By Alan Scherstuhl
By Stephanie Zacharek
By Carolina Del Busto
By Amy Nicholson
By Simon Abrams
By Kevin Dilmore
By New Times
By Amy Nicholson
Action fans who have gone berserk over Hong Kong cinema--and, to those of you who haven't, five quick words: Get . . . with . . . the . . . effin' . . . program--will recognize him not merely as one of H.K.'s leading directors but as an insanely prolific director/producer/writer/actor whose filmography includes perhaps half of the most distinguished films of the Hong Kong New Wave. Tsui Hark--and that's Mr. Tsui, not Mr. Hark, to those of you who get flummoxed by Chinese nomenclature--produced Woo's two biggest breakthroughs, A Better Tomorrow and The Killer, as well as the Swordsman and Chinese Ghost Story series, Wicked City, Dragon Inn and myriad more. He directed the first three Once Upon a Time in China entries (which made a star of Jet Li), The Chinese Feast, and--not only my favorite H.K. film ever but also one of the best movies made by anyone in the past two decades--Peking Opera Blues.
Van Damme movies have become a rite of passage for Hong Kong directors looking to work in Hollywood. On one level, it's a win-win situation: Van Damme has the clout to get them studio approval, and they bring him a fresh style as well as a certain critical cachet. The downside of all this is that they are relatively powerless and at the mercy of the reportedly egotistical star and his producers.
Certainly, Tsui had minimal input in the script for Double Team, which is ragged even by H.K.'s generally haphazard standards. Van Damme plays Jack Paul Quinn, a top American antiterrorist agent. Recruited for one final mission, he tries to ambush terrorist mastermind Stavros (Mickey Rourke) in an amusement park; Quinn fails, but somehow (and for reasons we'll go into later, somehow is as specific as one can get) Stavros' son is killed. Because Quinn's wife (Natacha Lindinger) is pregnant, Stavros swears revenge on Quinn's unborn child.
Knocked out by an explosion during the mission, Quinn wakes up at the Colony, a high-tech prison for secret agents who--according to the Colony's guides--are "too valuable to kill, too dangerous to set free." While quartered there under the highest security, they are forced to act as antiterrorist consultants. When Quinn discovers that Stavros has effectively gained control over his wife (who has been told that her husband is dead), he must escape the inescapable facility to rescue her. His only ally is a flamboyant weapons and technology genius named Yaz (Dennis Rodman).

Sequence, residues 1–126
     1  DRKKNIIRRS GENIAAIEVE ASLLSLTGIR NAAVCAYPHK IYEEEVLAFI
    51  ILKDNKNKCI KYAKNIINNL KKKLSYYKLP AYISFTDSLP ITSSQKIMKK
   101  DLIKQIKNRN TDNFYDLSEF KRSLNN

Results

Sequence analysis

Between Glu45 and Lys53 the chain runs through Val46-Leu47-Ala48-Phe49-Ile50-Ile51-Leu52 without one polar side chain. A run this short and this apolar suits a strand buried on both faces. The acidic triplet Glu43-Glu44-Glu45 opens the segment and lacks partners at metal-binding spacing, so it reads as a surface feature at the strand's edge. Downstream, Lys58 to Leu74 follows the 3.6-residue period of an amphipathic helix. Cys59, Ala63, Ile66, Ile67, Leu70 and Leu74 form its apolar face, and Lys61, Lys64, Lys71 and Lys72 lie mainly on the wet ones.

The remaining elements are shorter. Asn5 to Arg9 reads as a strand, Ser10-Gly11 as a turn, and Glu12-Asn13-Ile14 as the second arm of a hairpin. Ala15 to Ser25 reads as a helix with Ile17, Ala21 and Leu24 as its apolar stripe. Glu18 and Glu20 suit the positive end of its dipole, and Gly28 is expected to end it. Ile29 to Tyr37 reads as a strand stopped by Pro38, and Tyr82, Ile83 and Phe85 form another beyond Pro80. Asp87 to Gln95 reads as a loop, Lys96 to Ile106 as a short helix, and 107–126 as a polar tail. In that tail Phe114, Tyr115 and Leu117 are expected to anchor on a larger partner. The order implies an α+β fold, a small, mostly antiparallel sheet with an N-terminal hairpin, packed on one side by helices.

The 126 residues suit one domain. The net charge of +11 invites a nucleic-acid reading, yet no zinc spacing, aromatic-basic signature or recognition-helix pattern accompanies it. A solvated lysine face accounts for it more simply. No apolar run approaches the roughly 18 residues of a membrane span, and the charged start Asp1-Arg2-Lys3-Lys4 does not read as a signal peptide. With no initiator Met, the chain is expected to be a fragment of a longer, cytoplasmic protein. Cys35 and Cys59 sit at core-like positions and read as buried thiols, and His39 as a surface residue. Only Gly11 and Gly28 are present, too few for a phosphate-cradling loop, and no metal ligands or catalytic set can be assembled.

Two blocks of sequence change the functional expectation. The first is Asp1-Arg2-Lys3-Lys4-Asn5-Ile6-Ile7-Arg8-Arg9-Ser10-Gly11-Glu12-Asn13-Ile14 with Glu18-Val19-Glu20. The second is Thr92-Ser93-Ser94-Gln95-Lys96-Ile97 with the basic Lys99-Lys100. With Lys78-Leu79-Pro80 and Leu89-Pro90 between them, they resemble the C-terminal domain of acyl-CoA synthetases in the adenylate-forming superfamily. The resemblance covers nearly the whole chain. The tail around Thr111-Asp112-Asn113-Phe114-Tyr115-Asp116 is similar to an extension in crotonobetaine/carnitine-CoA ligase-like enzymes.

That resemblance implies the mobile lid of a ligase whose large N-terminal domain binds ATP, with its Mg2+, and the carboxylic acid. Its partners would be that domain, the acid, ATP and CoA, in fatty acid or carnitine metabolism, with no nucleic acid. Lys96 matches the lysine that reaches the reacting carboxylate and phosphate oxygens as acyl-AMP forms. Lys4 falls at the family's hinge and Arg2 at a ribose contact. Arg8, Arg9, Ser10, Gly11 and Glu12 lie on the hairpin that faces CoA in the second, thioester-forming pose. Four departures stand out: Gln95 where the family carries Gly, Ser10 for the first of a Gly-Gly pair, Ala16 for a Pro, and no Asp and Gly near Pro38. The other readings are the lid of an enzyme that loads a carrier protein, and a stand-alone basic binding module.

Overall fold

The script is no great shakes: a mishmash of elements from James Bond, earlier Van Damme flicks and, most notably, Patrick McGoohan's beloved TV show The Prisoner. The concept of the Colony is no more than The Prisoner's Village with fancier special effects. The difference is that The Prisoner was surreal and metaphorical--it wasn't so important that the whole idea made no realistic sense. But in the context of a straight-out thriller, the ludicrousness of the concept--and of much of the plot--is far more troubling.
Still, it would be a mistake to suggest that Tsui is going for standard-issue action fare here. Double Team is, in fact, often stylistically strange to the point of confusion. During the first third in particular, there's minimal dialogue and lots of subjective visual razzle-dazzle: stop-motion, Vertigo track-zoom shots, trick dissolves and constant tilted shots. The amusement-park scene verges on the avant-garde--which is why, as noted above, it's not quite clear how the hell the action moves to a maternity ward. Is this a flashback or a fantasy? Could this actually be a combination hospital/amusement park?
The fancy camerawork--Tsui was able to bring ace Hong Kong cinematographer Peter Pau (Bride With White Hair) with him--is always interesting--and often irritating. For much of the film, Double Team seems to bear the same relation to contemporary action films that Arthur Penn's Mickey One bore to crime films--genre conventions filtered through a surreal, even pretentious lens.
The relative lack of dialogue has a secondary advantage: It makes Van Damme look like a better actor. Here he gets to convey almost everything through his face and body, with which he is more adept than his voice. (This is not meant as a putdown.)
As a consequence, Rodman gets all the best lines. The Chicago Bulls star is essentially playing himself--and the occasional basketball references violate the film's sense of reality, while always getting a chuckle--which is fair enough in his first major part. But his delivery needs work, at least on the level of elocution: When he delivers a line fast, it's often tough to understand; he mangles a few punch lines.
It's nice to see Rourke, no slouch in the mumbling department himself, back in supporting roles, which have always elicited his best work. Still, it's impossible not to point out how much weirder the guy looks every year. He still has the puffy, sandblasted face he first displayed in Wild Orchid, but now it's perched atop a body so highly pumped-up that the combo looks like a bad special effect--like Charlie Sheen's fake musculature in the ads for Hot Shots! Part Deux.
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